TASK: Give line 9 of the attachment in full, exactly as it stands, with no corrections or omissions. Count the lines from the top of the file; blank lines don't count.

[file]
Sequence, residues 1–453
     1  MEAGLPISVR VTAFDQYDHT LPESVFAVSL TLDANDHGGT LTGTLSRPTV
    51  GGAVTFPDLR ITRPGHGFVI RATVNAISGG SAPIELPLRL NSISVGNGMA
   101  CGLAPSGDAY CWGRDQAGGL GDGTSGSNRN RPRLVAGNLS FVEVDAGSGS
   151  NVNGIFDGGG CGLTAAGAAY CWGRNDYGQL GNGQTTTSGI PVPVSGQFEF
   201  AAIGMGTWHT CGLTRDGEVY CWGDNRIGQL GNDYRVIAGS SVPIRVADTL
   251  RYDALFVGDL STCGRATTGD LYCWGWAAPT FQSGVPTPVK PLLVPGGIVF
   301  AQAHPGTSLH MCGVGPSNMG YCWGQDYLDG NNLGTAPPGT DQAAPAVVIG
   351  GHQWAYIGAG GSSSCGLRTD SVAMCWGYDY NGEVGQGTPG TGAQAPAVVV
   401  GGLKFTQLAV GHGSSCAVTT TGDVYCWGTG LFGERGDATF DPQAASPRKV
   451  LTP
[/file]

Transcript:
   351  GHQWAYIGAG GSSSCGLRTD SVAMCWGYDY NGEVGQGTPG TGAQAPAVVV